Two other places you really should go while in that Berkeley campus area are Masse’s pastries – OMG, I won’t tell you why. Just go and you will know. And, of course, the first, the original and best Peet’s Coffee.  The finest coffee sold in this country started right here in Berkeley.

One more recommendation for the ladies here is one of my favorite clothing stores, ever, Earthly Goods in Berkeley on Vine Street. Wonderful, classic but up to date clothes for virtually any body type, shoes and accessories, a bit costly but with great sales.  Check it out.

Once you feel you have exhausted all of Oakland’s riches, you know you are right in the center of an area so loaded with attractions that I would have to devote another series of posts to cover them all (which I might do in the future). But, here is a short list of some of them  — among them ones I mentioned at the top of this post and in Part I, starting with the Monterey Aquarium, a must-see if you are traveling with children.  Redwood Empire * Sierra Mountains * Sonoma County * Lake Tahoe * Carmel * Big Sur * Marin County *Monterey * Sausalito * Muir Woods * Yosemite * Napa Valley * Mount Tamalpais * Palo Alto and Stanford University.

See Part I: Where to stay and eat when you are not shopping or sightseeing ;-D

Images: Oakland and its environs in the Public domain from travel sites, Chambers of Commerce and the establishments themselves






29 Comments on “Winter thou goest – Part II”

  1. Pingback: Winter thou goest (Part I) | Beth Byrnes

    • It took weeks to get this ready, Bob, LOL. I realized as I was doing it that I could probably do posts like this for dozens of other places but I don’t want this to be a travel blog! You would think all I do is eat and shop all the time. You are kind! At the end of a month of focusing on Oakland, now I want to be back there. I did it to myself!

      You are good to me, Bob. ❤


    • Hee hee, you are so right, Stephen. The trouble is, I am traveling less these days so I would feel some of my info is a bit old. But not stuff in California, as I do get around here.

      But, there has to be some relief from politics or I would tick all of you off permanently. Not to worry though. I have one coming up and it is a doozy.

      All the very best back atcha! 😀


      • I doubt you’d tick ME off – we seem to be of like minds politically – but it might put both of us in a permanent foul mood!

        SO much needs fixing, especially here in America. I swear I will expatriate if the results of the upcoming election ups the fascist quotient in the used-to-be-good ole’ USA – or if the capitalist imperative takes still more from the poor, homeless and hungry to pander to the corporations, eager to send our young men and women to war and refusing to vote for aid for them on their return. And then there is the “war on women.” (SEE? Foul mood fodder)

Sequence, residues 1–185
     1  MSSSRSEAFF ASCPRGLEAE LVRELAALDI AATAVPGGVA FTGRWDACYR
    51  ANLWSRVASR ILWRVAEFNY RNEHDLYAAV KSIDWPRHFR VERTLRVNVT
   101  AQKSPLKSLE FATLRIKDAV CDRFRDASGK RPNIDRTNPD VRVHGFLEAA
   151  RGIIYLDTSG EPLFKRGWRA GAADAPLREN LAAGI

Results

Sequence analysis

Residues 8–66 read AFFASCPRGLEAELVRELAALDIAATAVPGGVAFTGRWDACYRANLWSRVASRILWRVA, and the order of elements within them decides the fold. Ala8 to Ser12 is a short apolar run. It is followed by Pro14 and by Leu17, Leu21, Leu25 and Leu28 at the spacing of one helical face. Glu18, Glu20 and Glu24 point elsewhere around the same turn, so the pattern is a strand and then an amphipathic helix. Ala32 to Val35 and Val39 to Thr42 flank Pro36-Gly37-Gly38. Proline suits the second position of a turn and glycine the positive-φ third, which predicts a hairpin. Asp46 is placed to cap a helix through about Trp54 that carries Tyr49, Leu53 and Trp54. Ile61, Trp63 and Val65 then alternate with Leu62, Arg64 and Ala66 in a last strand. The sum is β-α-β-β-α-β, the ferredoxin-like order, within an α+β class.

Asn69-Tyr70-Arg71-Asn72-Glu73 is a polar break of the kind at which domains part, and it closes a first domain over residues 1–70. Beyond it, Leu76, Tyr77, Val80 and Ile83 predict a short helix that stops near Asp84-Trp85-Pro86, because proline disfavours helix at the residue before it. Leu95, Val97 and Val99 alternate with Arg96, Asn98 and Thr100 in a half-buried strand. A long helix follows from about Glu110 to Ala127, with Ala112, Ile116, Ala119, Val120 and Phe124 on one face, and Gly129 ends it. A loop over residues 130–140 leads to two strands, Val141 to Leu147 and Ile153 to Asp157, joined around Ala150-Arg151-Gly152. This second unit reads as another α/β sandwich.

Liked by 1 person

        • You have no idea how I have to restrain myself from venting all you just shared and more, on this blog, every single day. I am furious at the selfishness and stupidity. It is hard to believe half of this country is unable to see what is going on.

          How can we change it, if people get all their ideas from false sources? Dumb!

          Liked by 1 person

          • The perils of a press with unbridled capitalistic motives – and a populace that is no longer taught to think, I suppose.

            As Maurice Chevalier is oft quoted (from a song he sang in Gigi), “I’m glad I’m not young anymore.” I’ll probably miss the far end of this trajectory – since, sadly, folks like us don’t seem to be able to change its direction.


            Liked by 1 person

            • I wonder why that is. After all, we have facts on our side. Facts aren’t click-bait apparently. Eventually this group of white-superiorists will pass on and the world will at least be egalitarian, with all the messiness that entails. At least the playing field will be more even.

              Liked by 1 person

  2. I hope the Chamber of Commerce is paying you enough Beth 🙂 You must be bringing in visitors and tourists like crazy – rich descriptions and gorgeous photos – who could resist? Thank you for being a wonderful tour guide!

    Liked by 2 people

    • Thank you Vera, well, with some places it is harder than others. Oakland and Northern California are the best the US has to offer and that makes it easy for me to be superlative about visiting here. I think Oakland has been neglected far too long!

      You are always kind, Vera ❤


  3. Wow, Beth, I take my hat off to you, girl! 🙂 This should be issued to all travellers heading your way. What else could anyone possibly need other than your two posts? You’re missing a golden opportunity if you don’t get this out to the tourist board. They’d be thrilled. 🙂

    Liked by 2 people